Chair of Building Technology and Climate Responsive Design

Photo: adria goula photos

The core focus of the Chair for Building Technology and Climate Responsive Design in teaching and research is a holistic design approach for buildings in consideration of the sustainability goals of the European Union (EU). A 90% reduction of CO2 emissions in the building sector compared to 1990 is the main goal of the EU carbon roadmap. 

Transformation of the built environment
The implementation of the carbon roadmap will have major impact on the built environment. The necessary transformation process goes hand in hand with the ongoing transformation in the wake of climate change and urbanization. In research the chair is dealing with transformations of the built environment and develops a holistic design approach hand in hand with architects, engineers and urban planners.

Holistic approach
In the past, energy efficiency was primarily driven by technology. At the moment, however, there is a rethinking of more holistic concepts that increasingly incorporate the urban and regional scale. The overall objective of this approach is to create maximum comfort in the interior as well as in the exterior of the built environment while minimizing the use of resources at the same time.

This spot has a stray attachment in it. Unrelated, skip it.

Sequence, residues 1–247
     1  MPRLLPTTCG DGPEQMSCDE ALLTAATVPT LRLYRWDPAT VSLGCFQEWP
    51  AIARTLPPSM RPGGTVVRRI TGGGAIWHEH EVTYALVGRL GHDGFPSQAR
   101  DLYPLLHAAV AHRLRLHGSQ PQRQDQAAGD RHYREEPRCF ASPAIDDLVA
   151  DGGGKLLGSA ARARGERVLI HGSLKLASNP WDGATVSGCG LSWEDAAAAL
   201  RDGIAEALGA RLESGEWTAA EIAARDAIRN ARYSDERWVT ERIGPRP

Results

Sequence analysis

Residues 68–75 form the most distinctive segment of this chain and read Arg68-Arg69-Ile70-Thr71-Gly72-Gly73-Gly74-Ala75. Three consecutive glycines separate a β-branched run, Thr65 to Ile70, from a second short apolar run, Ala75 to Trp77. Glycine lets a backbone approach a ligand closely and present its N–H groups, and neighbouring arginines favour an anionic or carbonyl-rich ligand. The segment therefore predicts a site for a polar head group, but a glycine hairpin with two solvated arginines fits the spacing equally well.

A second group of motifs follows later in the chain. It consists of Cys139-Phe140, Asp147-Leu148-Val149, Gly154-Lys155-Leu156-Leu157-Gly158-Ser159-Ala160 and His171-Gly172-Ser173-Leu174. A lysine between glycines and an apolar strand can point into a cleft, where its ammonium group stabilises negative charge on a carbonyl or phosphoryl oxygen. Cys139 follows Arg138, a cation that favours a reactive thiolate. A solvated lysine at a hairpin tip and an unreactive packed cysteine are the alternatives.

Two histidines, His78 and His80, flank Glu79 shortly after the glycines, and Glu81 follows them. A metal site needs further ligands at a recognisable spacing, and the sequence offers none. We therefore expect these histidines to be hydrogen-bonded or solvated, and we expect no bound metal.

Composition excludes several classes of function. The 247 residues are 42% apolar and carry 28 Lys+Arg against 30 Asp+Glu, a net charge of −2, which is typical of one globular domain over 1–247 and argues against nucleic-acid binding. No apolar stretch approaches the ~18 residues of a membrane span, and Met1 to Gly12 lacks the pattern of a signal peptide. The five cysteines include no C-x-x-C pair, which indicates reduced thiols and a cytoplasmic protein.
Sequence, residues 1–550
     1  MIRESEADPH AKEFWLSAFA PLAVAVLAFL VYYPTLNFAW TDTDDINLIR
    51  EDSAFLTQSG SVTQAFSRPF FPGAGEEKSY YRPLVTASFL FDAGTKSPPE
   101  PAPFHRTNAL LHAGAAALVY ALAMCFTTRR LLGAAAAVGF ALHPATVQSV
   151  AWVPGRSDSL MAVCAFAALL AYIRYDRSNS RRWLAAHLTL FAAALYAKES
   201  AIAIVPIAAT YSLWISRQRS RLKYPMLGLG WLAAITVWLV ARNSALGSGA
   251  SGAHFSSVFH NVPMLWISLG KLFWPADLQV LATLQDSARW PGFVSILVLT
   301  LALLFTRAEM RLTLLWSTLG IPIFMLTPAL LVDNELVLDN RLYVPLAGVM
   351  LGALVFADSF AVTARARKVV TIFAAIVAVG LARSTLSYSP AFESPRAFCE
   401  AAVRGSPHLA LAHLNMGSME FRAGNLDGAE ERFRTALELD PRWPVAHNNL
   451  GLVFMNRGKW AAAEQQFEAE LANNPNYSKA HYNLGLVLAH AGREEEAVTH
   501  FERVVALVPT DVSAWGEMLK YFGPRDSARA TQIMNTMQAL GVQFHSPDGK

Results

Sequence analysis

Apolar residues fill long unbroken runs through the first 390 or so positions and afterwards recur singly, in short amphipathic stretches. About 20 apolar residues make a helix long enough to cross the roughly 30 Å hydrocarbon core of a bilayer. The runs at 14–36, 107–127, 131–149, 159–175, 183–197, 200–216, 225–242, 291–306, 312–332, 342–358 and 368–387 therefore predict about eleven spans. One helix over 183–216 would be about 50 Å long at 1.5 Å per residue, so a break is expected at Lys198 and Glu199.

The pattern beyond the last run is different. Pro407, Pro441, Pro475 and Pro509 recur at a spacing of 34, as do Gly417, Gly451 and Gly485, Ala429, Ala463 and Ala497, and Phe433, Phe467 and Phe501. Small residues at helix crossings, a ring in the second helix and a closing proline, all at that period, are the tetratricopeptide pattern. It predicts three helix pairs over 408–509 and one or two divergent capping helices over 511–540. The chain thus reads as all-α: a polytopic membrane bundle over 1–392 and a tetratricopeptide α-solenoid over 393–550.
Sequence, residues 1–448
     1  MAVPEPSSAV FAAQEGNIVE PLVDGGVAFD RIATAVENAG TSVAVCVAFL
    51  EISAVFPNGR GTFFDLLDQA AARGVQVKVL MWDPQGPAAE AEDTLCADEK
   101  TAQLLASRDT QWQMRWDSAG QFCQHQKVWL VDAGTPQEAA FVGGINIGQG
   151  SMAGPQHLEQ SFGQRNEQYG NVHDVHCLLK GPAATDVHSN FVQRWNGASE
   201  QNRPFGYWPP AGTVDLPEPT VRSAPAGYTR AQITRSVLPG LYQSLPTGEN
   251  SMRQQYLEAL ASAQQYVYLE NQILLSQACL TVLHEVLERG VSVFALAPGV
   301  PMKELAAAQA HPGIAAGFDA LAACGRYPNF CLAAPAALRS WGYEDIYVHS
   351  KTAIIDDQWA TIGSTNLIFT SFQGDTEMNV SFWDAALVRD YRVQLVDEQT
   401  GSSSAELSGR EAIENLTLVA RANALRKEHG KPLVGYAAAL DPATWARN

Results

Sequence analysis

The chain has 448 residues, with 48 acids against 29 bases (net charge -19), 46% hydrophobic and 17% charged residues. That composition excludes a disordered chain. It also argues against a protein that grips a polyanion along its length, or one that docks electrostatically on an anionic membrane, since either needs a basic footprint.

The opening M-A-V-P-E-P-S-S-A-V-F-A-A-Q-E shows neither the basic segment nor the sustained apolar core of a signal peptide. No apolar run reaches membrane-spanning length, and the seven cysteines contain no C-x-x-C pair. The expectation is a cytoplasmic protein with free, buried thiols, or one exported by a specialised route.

Tasks of the chair
The chair contributes through practice oriented research to new insights in the holistic design approach for buildings and cities. The Chair’s research projects can be grouped into two main focus areas: “Environmental Quality” and “Energy Management”.
In line with the changing requirements of our time, the chair teaches strategies for a better environmental quality and minimized energy both fundamentally in the bachelor's degree in Architecture as well as in depth in the master programs Architecture, Energy Efficient and Sustainable Planning and Civil Engineering. 
Within research projects the focus is set on the application of simulation-software as planning instrument for the numerical calculation of thermal, lighting and flow specific processes. These insights with practical relevance can be made in the fields of thermal comfort, energy consumption and daylight supply. In research, the chair is conducting several projects with various sources of funding from public or private sector, on state, federal and European level. 

www.ar.tum.de/en/klima